Asia Fruit Award winners
The ASIA FRUIT AWARD is given in three categories – ‘Marketing Campaign of the Year’, ‘Importer of the Year’ and ‘Produce Retailer of the Year’.
Marketing Campaign of the Year: Mr Cheng, Fruitday (China)
Fruitday won the Marketing Campaign of the Year Award for ‘Mr Cheng’, its campaign to launch a Chinese orange brand with guaranteed sweetness.
While Fruitday has built its business as an online retailer of premium imported fruits, Mr Cheng saw the company venture into new territory with a move to develop a homegrown citrus brand.
Fruitday selected bingtang oranges grown in Yunnan province, investing RMB20m (US$3m) upstream into a joint venture packing plant in the region. The facility was fitted out with infrared Brix-sorting technology from Compac in order to achieve consistent quality standards and guaranteed sweetness in the fruit.
The orange brand was personified as Mr Cheng, a ‘romantic gentleman’, in a move designed to create better interaction with consumers and appeal to female online shoppers in particular.
After a ‘beta test’ in which it sent the fruit to numerous Chinese celebrities and well-known entrepreneurs, Fruitday conducted another round of promotions. In addition to extensive marketing activities on its e-tail platforms, Fruitday worked with China’s leading online match-making site Jiayuan.com, taxi service mobile app Didi, and the largest budget hotel chain Home Inn to make specially packaged and branded Mr Cheng products available in vehicles and hotels.
“Fruitday is really happy to win the ASIA FRUIT AWARD,” said the company’s co-founder Loren Zhao. “The Mr Cheng campaign was an important supply chain exploration for Fruitday. The idea for Mr Cheng came from the Fruitday team as we were seeking to learn from examples of fruit standardisation and Brix selection we had seen in other parts of the world, and to innovate in China’s fast-developing e-commerce market.”
Introducing the winner, Asiafruit Magazine editor John Hey said Fruitday’s Mr Cheng campaign broke new ground for the marketing and branding of Chinese-grown fruit. “Fruitday has not just marketed the fruit on its consistent sweetness, it has given the product a personality, making it easy to create a dialogue with consumers,” he noted.
Importer of the Year: Jinwon Trading (South Korea)
South Korean company Jinwon Trading scooped the Importer of the Year Award in recognition of its leading position and pioneering role in the country’s fresh fruit import business.
As one of Korea’s oldest agricultural trading companies established in 1979, Jinwon has developed substantial warehouse and cold chain infrastructure from port to market as well as significant in-house expertise. The company sources a wide range of products from across the world, supplying multiple channels, including retail, wholesale, online sales and TV home shopping. It has forged strong relationships with leading global suppliers as well as major retailers.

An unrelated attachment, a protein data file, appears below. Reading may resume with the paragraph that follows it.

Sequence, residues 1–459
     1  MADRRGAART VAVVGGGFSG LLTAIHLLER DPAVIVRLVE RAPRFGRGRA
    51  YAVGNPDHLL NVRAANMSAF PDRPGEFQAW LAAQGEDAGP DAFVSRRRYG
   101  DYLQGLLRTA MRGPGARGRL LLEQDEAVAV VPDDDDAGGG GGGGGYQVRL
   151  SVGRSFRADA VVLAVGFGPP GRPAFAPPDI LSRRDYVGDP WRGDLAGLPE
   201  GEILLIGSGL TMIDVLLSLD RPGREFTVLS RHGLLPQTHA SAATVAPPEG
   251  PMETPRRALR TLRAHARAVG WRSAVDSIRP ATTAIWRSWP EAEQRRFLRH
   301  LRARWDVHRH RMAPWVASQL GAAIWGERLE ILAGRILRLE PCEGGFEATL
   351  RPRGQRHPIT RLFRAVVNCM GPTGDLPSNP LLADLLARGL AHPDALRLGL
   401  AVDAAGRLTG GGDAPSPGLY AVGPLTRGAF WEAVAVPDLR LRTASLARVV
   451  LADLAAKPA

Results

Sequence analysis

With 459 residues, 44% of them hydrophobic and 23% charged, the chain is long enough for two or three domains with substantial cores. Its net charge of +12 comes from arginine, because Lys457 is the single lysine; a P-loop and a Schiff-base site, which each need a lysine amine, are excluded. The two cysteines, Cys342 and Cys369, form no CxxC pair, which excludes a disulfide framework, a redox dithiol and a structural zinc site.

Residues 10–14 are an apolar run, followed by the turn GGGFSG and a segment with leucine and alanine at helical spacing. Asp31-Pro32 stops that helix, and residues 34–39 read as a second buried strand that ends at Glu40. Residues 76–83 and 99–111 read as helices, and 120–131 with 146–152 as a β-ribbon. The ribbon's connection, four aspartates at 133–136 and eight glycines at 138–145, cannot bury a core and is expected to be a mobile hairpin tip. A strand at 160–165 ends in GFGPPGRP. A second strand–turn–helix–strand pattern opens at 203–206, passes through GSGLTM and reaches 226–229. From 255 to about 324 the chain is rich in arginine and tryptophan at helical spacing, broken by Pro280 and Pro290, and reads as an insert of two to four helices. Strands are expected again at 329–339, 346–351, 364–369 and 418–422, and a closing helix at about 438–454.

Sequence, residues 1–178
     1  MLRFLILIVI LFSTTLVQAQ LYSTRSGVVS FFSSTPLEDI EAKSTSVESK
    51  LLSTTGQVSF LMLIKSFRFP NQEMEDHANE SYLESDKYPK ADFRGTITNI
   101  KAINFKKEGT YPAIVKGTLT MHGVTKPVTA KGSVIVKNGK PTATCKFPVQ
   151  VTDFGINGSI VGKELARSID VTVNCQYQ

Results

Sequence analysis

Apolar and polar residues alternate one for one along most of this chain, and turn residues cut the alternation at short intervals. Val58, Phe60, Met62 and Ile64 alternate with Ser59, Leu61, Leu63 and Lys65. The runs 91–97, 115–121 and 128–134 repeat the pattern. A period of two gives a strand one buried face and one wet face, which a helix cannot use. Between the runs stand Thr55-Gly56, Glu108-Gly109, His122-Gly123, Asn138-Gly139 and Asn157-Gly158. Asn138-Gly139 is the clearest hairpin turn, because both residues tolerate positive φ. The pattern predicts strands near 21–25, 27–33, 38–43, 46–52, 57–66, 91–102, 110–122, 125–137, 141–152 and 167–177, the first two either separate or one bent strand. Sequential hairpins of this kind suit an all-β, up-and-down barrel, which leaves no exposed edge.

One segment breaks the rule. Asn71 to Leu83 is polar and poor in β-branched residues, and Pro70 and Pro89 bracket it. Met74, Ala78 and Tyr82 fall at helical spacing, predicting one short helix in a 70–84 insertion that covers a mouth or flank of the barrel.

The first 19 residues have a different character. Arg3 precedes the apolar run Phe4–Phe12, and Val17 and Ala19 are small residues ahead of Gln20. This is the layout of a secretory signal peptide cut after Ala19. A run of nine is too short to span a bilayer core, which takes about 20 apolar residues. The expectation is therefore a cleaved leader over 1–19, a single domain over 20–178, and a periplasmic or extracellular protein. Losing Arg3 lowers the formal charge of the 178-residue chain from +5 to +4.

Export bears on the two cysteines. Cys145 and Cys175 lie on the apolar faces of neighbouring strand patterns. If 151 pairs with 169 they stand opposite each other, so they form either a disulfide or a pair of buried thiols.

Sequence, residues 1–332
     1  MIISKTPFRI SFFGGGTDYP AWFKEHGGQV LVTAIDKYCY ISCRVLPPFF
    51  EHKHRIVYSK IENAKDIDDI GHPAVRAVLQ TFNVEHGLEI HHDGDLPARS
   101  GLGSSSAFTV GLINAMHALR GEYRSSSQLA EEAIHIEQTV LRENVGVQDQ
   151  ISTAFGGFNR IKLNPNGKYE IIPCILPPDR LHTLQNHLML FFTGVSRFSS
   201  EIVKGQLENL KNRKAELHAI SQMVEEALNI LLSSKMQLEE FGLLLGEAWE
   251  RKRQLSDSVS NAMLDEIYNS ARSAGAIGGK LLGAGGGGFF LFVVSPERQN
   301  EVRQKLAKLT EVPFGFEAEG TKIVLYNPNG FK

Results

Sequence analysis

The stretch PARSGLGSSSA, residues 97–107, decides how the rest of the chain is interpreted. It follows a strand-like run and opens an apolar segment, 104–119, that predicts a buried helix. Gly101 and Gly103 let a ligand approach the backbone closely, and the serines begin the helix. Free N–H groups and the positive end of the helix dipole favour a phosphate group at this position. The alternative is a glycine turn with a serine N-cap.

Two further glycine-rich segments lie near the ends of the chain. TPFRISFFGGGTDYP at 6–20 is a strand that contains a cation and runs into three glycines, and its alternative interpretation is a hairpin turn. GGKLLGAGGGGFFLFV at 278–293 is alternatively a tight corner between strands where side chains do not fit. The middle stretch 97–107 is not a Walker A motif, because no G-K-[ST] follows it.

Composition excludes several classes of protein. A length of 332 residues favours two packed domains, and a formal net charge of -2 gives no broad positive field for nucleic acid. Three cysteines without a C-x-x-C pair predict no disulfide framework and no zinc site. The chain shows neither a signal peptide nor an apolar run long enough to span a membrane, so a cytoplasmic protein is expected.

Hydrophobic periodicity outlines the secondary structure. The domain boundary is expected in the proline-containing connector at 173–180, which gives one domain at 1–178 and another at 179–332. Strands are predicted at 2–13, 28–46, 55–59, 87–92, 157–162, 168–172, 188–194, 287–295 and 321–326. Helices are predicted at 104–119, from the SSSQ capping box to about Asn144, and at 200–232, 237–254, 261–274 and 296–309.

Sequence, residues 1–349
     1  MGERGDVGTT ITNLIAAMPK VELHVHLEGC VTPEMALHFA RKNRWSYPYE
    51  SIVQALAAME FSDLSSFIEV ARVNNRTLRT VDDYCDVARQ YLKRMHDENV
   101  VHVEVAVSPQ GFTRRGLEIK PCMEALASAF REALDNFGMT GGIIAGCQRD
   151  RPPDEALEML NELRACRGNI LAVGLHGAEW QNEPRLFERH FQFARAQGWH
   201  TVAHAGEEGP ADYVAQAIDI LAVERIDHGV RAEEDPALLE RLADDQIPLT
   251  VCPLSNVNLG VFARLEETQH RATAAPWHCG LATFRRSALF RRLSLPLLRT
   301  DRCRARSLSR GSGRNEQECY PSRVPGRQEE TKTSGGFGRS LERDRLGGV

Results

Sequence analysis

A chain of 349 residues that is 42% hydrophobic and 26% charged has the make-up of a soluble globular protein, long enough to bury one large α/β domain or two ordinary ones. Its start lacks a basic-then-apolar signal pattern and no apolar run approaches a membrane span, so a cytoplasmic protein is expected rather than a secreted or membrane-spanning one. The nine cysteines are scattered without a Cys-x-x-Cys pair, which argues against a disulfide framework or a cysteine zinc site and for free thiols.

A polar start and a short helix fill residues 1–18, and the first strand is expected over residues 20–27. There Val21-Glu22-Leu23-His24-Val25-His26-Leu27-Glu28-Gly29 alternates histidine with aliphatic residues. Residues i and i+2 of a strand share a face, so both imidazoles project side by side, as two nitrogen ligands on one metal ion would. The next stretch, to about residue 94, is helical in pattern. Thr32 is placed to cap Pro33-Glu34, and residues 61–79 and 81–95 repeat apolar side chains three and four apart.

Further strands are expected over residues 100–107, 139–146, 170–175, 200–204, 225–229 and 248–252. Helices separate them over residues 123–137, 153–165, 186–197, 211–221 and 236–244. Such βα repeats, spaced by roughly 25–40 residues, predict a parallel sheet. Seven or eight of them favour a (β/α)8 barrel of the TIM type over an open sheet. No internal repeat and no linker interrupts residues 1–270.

“We’ve worked very hard with our team members not only this year, but for the past 40 years,” said Jinwon’s president Chang Hwa-Oh. “To receive this Award is a reward for our past efforts, an honour for the present and an encouragement to remain the best produce importer in the future.”
Produce Retailer of the Year: Sam's Club China (China)
The Produce Retailer of the Year Award went to Sam’s Club China. The Walmart-owned membership-only warehouse club has carved out a niche in the Chinese retail market, servicing the needs of the country’s high-end consumers. While operating around a dozen stores in China, four of them are now ranked in the top ten of the 800-plus Sam’s Clubs worldwide.
Fresh produce is playing a key role in Sam’s Club China’s gains, where the retailer has succeeded in targeting high-end customers with high-quality fresh food in new formats.
“While Chinese consumers traditionally shop daily for fresh produce, and would not typically drive across a city to buy fresh foods in larger pack sizes, Sam’s Club has seen them doing just that,” said Hey.
Sam’s Club has introduced more western ways of merchandising to high-income shoppers, selling pre-packed produce in a market where consumers typically prefer to handpick their own, he noted.
By focusing on a slightly narrower number of SKUs than a full-service retailer and developing supply partners that understand its business, Sam’s Club has also been able to pre-select premium products for its busy and wealthy consumer base.
“It’s most encouraging to see that the recognition we’re receiving for our fresh foods quality focus from our members is also being noticed by the industry,” said Sam’s Club China’s chief merchandising officer Neil Maffey. “The partnership with our suppliers is enabling us to deliver great produce in great packaging to our members and this is why we are seeing huge growth in this area of our business.”